Dark Side Of NGO

Dark Side Of NGO

Do we need non-profit organizations in order to speed up our social development? This is a question that needs to be answered carefully. Non-profit organizations have made their place in some important parts of the general public and their voices seem to be rising in public debate.

NGOs are considered to be an important means of connecting with the public. There is no doubt that these non-governmental organizations have played an important role in the development of socio-cultural consciousness and curiosity in the country. However, due to the overwhelming nature of NGOs, questions have started arising regarding their functionality. More questions are being raised about International NGOs (or INGOs) and their loyalty towards the nation. Due to not adhering to foreign donation rule, restrictions are being imposed on some NGOs.

Since the 1980s, non-governmental organizations (NGOs) have expanded throughout the world, opening up an important political, cultural and socio-economic space in almost every corner of the globe. It is estimated that there are now more than 10 million NGOs on the planet. According to information officer of SWC Nepal has 480090 NGOs and 230 INGOs as of 2075. This number is what the government has in their database. There is one NGO for every 600 people in Nepal.

Combating poverty and illiteracy, protecting the environment, health issues, promoting civil liberties, protecting human rights and educating people are indeed good aspects of non-profit organizations but like two sides of the same coin, NGOs also have a dark side. Actually, NGOs working on such a large scale in a small country like Nepal is a reflection of the government’s failure. If the government is weak to solve a problem of the nation, the workers themselves could take up the task of solving the problem. This would create possibilities of improving the government. NGO or non- governmental organizations can be considered an important part of the country, as they are operated both by the government and by subscribing to citizens of developing countries like Nepal.

NGOs are considered as an inconsistent institution in fighting for the principles of transparency and public accountability. On the one hand, many NGOs speak out against the importance of transparency and accountability in every public policy, yet at the same time, NGOs themselves are not transparent and accountable to the public, including staff and beneficiaries of the program. No wonder the anomaly then makes some people busy asking: “How and what exactly are these NGOs working on?” Other intriguing questions that have been raised are questions like “what do the NGOs search for from some of its controversial publications?” Some of these questions ultimately summarize a number of weaknesses and criticisms for these NGOs.

The negative image of the NGO phenomenon is still quite warm today if you look at the history of the new order of the NGO (Non-Governmental Organization), which sounds quite ‘haunted’. In that sense, anyone working in an NGO should be ready to be labeled as ‘enemy’ state, and therefore is to be considered as a fighter for the interests of the people.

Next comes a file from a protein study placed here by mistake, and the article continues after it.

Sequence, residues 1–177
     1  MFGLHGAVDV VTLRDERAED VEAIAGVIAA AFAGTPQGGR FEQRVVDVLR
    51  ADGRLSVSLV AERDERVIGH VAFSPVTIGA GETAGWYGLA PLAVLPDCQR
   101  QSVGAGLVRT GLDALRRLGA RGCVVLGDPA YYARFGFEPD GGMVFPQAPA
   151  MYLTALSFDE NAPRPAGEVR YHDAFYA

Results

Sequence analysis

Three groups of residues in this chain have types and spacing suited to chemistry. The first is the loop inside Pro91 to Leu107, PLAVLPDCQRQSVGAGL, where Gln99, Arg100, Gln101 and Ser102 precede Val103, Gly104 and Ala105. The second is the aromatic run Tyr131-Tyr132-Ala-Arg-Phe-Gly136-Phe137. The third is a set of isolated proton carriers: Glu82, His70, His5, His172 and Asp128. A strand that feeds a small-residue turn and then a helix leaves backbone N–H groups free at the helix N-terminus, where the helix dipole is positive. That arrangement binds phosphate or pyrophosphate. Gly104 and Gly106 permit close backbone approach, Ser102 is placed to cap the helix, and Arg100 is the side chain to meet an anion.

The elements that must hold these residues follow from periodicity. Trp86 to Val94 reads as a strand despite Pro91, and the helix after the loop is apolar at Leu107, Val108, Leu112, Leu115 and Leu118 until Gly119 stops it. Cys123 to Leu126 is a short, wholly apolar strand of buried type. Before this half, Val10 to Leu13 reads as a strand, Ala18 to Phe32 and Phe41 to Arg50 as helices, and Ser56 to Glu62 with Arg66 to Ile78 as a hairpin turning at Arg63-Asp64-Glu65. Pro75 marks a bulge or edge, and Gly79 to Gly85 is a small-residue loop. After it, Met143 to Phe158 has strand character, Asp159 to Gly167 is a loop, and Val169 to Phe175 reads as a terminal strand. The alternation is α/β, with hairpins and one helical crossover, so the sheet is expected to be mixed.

Why should foreign assistance be provided to non-governmental organizations working in the country? It is also a matter of pride for the country. How long are we to continue spreading a begging bowl in front of other countries to resolve problems discovered by them? What is the capacity of people who want to work for their country to solve problems related to their own country? If a single group of people in the country is not getting any kind of monetary support, how can such organizations claim to work for the country? This is the situation in Nepal. The government needs to investigate the activities of all the NGOs receiving foreign aid so that a fair society and a national social aid fund can be established to assist organizations that do real social work and have outcomes as proof of their work.

There is no such area in Nepal where NGOs have not set their footprint. According to a study done, NGOs and INGOs in Nepal have made an annual income of more than 35 billion rupees in areas including empowerment of human rights, women, education, tribal, diminished, poor, and excluded and marginalized communities. Mainly USA, UK, Italy, Germany, France, Switzerland, India, and other countries are running the INGOs.

Foreign debt is a serious problem for the government. If a country has foreign debt problems, other debt-related problems arise with regard to principal and interest payments on these foreign debts. The government should seek to increase export and growth of these foreign exchange reserves (to higher income countries) so that debt habit can be reduced. Better and creative utilization of existing resources is not dependent on any assistance or aid from foreign nations.

Dangers of Foreign Assistance or Foreign aid for financial development are
the most dangerous path for countries of the entire world. Mankind will continue to suffer as long as they take foreign aid, as this type of debt makes the country developed from the outside but empty in the inside. And if the country is debt-ridden, the citizens suffer the most as they become handicapped.

Nepal has not been able to escape the debt trap. Dark times are not waiting for us in the future, but are already present. This does not mean that situations will stay like this forever. Our nation is naturally rich and with education and opportunities, the younger generation can help build an independent country, which never has to search and then beg for aid from foreign nations. An independent country will always give way to independent people.

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